Volume I
Volume II
Volume III
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1.2.1 - The Conquest of Hispania

In the year 86 AH / 705 AD, during the reign of al-Walid Ibn Abd al-Malik, Mousa Ibn Nasir ruled Maghrib: the West, the whole countries extending from Spain to Tunisia, which formed the western part of the Islamic world. He was able to control the Berbers, and secure the region, and he was able to open Tangier. He then appointed Tarek Ibn Ziad, who camped with the Muslims on the coasts of the Zuqaq Sea, later to be called after his name: Strait of Gibraltar (Arabic: Jabal Tareq). They began to turn their eyes towards Spain, which had been under the Goths rule since 507 AD, but their order began to weaken as the country was divided into small emirates belonging to the King of Toledo.

Tarek boarded 7,000 Muslims, to be later supported by 5,000 more, and the ships docked off Algeciras on a mountain later named Gibraltar (also called the Mount of Conquest/Opening: Jabal al-Fateh). The Muslims marched towards Cordoba, to confront the Spaniards who assembled a huge army of 70,000 to 100,000. The fighting began on Sunday, the 28th of Ramadan in 92 AH, corresponding to the 19th of July 711 AD. The Spanish showed great ability at the beginning of the battle, and resist the pressure of the Muslims, but soon their army collapsed and they were defeated. The Muslims occupied their camp in Cordoba and went on to open the other major cities. They opened Shazuna, Mudawara, Qarmuna, Seville and Tuleitila. Mousa then ordered Tarek to stop because he had penetrated too much, and then he crossed into Andalusia after a distress addressed to him by Tarek. He arrived in the month of Ramadan of the year 93 AH, with an army of eighteen thousand, and opened some more cities that Tarek did not open.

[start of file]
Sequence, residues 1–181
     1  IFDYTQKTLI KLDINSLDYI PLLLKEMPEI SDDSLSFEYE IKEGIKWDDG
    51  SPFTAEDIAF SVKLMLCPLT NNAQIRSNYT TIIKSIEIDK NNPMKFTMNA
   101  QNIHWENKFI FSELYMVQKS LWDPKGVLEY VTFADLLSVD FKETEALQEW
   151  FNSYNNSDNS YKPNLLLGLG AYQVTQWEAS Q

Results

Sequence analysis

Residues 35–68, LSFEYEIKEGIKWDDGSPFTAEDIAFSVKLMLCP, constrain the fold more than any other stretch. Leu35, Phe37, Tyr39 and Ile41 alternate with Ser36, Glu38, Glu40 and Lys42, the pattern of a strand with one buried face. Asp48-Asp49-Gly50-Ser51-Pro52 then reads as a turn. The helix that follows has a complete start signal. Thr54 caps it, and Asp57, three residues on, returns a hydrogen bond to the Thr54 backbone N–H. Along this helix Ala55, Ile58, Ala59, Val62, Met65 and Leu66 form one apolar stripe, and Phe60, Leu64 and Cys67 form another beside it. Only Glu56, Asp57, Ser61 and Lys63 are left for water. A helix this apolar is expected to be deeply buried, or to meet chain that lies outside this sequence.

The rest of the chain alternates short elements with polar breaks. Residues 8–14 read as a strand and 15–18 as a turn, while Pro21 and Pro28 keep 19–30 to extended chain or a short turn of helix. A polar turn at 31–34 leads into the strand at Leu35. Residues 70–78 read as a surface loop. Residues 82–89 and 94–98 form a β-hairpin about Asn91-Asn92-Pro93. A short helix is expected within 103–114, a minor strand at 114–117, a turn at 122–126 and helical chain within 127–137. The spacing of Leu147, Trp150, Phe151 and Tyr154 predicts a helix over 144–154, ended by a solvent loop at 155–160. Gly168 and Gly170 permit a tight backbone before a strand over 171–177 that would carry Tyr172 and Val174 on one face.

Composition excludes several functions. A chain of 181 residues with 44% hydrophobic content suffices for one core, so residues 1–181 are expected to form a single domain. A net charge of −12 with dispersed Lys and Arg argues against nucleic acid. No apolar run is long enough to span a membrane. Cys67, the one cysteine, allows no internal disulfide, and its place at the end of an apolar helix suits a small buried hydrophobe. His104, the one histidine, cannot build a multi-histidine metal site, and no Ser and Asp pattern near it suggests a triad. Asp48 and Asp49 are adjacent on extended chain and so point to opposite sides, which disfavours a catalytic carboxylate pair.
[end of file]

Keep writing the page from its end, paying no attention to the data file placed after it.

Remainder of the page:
The Muslims remained in Andalusia for eight centuries, after they established a prosperous civilization whose marvelous traces still remain to this day.